Total Return Swaps (TRS) have become an important tool for banks to manage their balance sheets, Basel ratios and GSIB exposures. The synthetic financing market has been growing for years, but for the first time has surpassed physical securities finance as a revenue generator for prime brokers. This important shift is the result of bank efficiency, resource optimization and technology efforts. It also means changes for the diverse ecosystem of market participants in the physical securities finance industry.
This report provides bank revenues in synthetic and physical securities financing through H2 2020, capturing the exceptional volatility that occurred in March and April of this year. A multi-year comparison shows the evolution of this sector and gives indications about where synthetic financing is headed. It looks at both equity and fixed income Total Return Swaps as well as similar structured products that play the same economic role with different names.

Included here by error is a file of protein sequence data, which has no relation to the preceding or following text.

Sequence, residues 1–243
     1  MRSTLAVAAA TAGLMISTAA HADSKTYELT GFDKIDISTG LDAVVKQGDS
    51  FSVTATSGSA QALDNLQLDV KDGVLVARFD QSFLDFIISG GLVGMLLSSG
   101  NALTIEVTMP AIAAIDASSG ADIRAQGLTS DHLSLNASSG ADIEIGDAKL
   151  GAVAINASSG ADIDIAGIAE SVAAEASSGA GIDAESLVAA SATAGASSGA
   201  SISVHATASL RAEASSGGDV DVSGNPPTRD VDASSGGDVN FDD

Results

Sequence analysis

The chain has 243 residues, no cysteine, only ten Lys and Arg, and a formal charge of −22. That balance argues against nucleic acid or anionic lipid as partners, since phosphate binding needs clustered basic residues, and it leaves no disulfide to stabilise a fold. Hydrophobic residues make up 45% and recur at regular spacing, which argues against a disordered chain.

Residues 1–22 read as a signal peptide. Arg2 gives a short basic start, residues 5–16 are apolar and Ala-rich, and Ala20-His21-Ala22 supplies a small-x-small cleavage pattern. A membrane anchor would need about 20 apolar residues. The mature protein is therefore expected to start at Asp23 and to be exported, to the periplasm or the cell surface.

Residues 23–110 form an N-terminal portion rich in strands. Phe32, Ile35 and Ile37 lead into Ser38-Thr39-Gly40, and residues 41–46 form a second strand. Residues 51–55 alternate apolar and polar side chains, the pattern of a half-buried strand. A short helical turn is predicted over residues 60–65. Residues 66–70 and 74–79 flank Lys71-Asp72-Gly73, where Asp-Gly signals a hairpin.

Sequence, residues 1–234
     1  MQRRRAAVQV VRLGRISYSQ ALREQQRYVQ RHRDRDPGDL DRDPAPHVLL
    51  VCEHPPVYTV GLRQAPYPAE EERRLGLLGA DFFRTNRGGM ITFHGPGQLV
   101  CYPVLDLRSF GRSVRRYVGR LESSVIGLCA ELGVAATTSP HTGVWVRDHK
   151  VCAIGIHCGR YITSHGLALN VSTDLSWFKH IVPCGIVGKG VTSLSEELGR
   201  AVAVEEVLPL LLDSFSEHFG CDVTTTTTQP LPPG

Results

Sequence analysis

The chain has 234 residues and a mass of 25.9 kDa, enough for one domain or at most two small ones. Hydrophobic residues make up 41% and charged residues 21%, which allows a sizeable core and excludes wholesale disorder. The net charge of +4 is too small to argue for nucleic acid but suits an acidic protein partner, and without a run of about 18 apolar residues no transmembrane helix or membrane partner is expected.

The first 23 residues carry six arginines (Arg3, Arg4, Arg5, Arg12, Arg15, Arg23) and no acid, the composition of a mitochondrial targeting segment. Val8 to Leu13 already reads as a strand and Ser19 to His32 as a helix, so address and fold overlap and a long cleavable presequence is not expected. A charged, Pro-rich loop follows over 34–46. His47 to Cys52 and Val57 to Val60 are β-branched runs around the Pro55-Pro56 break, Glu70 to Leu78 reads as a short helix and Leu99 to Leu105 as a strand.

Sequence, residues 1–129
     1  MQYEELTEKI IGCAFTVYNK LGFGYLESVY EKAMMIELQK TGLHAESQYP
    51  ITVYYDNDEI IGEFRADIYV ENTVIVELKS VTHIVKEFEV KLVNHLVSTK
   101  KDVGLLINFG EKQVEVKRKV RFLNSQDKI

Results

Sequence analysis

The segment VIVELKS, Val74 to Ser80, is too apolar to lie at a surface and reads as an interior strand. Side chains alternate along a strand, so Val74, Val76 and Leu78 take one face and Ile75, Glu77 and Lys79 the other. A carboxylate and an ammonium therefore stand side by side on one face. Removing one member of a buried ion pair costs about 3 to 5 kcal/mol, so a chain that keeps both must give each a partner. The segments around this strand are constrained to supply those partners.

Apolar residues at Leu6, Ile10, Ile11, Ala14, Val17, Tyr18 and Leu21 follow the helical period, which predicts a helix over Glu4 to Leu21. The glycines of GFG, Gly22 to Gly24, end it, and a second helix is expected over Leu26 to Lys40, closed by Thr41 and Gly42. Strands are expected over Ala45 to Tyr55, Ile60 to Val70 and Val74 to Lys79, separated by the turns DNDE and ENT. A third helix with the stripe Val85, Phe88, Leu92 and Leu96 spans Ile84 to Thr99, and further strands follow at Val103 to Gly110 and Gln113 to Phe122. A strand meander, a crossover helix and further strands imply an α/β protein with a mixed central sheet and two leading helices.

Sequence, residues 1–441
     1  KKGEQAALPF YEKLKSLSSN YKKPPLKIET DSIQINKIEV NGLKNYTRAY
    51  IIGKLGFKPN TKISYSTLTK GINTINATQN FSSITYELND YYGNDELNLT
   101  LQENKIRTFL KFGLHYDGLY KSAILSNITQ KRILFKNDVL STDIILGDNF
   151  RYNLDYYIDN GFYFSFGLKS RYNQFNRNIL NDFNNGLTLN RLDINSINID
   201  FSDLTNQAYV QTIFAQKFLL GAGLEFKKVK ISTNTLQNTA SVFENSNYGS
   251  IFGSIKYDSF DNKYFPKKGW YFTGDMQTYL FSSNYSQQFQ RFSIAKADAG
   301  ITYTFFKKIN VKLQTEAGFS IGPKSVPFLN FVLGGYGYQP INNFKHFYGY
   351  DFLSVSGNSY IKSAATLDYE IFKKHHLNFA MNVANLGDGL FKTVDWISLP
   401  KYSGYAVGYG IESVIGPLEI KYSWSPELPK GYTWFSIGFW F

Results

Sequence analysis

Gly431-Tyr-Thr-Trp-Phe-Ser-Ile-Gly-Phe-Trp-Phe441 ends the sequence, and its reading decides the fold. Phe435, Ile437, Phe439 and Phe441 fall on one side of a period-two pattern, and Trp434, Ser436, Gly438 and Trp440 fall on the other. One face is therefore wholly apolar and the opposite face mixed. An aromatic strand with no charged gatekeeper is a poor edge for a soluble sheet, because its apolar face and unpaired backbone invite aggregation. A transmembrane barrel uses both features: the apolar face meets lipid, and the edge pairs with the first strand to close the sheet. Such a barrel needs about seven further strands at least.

The report also assists with understanding the particular dynamics of TRS transactions. The opportunity to net down bilateral exposure or even to clear these products means a substantial savings in capital risk ratios. Knowing how the trade works is an important part of understanding how it fits in bank resource optimization.
This report is useful reading for market participants engaged in the equity markets trading derivatives, using margin or shorting securities, or managing economically similar products like securities lending and listed derivatives.
Table of Contents
- Executive Summary
- Market Volatility and the Pull of Financial Gravity
- Sizing the Equity TRS Market
- – More TRS or Less Securities Lending?
- – The Value of Volatility
- The Fixed Income Expansion
- – Fixed Income Financing Revenues
- The Post-COVID Market for Balance Sheet
- Appendix A: Mechanics of the Trade
- About the Author
- About Finadium LLC